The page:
- Microbiome-testing startup uBiome is laying off 114 employees, or about half its staff.
- uBiome was founded in 2012 and raised $105 million from investors to explore the microbiome, a “forgotten organ.”
- The FBI raided uBiome’s headquarters in April, reportedly related to the company’s billing practices.
- Two months later, all 3 top execs at uBiome left their posts, Business Insider reported. Three new executives from the consulting firm Goldin Associates were brought in to replace them.
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Microbiome-testing company uBiome is laying off half its staff as the troubled startup looks for a path forward.
The company is cutting 114 of the 229 people it current employs, according to a source familiar with the layoffs. 42 are employees based in the US, while 72 layoffs are occuring in Latin America, the person said. uBiome is planning to keep its labs open.
“As we work to implement a go-forward plan for uBiome, we are making changes to the Company’s organizational structure that impact certain teams and positions,” Curtis Solsvig, the new interim uBiome CEO and a director at Goldin Associates, said in a statement provided to Business Insider.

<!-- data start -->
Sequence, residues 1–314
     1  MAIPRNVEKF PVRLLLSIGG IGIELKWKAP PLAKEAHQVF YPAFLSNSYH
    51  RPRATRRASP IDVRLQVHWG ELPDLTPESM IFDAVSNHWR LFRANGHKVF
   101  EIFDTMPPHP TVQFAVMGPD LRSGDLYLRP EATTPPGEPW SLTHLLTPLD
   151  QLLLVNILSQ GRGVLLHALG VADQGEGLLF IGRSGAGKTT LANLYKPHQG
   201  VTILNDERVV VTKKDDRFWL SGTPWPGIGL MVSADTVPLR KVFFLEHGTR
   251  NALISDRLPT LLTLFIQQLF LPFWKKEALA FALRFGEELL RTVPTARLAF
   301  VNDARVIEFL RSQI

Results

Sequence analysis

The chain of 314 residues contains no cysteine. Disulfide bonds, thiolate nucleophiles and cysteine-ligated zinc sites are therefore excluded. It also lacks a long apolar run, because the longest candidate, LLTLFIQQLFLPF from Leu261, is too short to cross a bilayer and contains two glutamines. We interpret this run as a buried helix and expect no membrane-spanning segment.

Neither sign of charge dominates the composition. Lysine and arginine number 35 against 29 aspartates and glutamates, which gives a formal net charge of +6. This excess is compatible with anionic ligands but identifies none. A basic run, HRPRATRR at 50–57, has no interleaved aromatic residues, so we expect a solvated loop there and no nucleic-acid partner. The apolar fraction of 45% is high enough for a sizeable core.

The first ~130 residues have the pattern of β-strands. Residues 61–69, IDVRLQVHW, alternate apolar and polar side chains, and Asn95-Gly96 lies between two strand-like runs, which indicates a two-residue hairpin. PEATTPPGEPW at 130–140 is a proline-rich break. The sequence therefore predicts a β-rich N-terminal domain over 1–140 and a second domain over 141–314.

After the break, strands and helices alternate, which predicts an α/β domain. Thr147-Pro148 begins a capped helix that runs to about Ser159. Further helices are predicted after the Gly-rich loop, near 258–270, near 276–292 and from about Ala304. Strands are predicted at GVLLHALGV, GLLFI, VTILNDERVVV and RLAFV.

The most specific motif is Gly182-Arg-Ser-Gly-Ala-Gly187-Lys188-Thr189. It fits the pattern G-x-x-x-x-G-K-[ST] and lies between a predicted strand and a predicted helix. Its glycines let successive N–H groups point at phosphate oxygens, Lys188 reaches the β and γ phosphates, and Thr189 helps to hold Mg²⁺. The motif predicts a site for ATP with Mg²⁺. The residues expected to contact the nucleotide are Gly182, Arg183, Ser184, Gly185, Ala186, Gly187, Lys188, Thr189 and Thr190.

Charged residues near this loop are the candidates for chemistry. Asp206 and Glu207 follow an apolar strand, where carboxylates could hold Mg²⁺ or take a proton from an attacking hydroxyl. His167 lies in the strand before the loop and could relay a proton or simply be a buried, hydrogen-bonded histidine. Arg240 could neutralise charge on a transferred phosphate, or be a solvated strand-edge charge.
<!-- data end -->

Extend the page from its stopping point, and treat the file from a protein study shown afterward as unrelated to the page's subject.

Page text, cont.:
uBiome accidentally informed some of its workers they were being let go on Monday in a payroll error, according to four current and former uBiome employees. After the accidental notification, Solsvig called an emergency meeting, the people said.
It has been a turbulent few months for uBiome, whose tests rely on samples of human poop. At the end of June, all three of the company’s top executives left their posts, Business Insider reported.
Cofounders and co-CEOs Zachary Apte and Jessica Richman resigned, after having been placed on administrative leave on the heels of an FBI raid in April. The raid was reportedly part of an investigation into uBiome’s billing practices. John Rakow, uBiome’s general counsel and interim CEO as of May 1, also departed. In a message to Business Insider, Rakow said he left to spend more time with family.
To run the company, the board appointed three new executives from the consulting firm Goldin Associates, including Solsvig.
Trouble at uBiome has been brewing for years, Business Insider previously reported.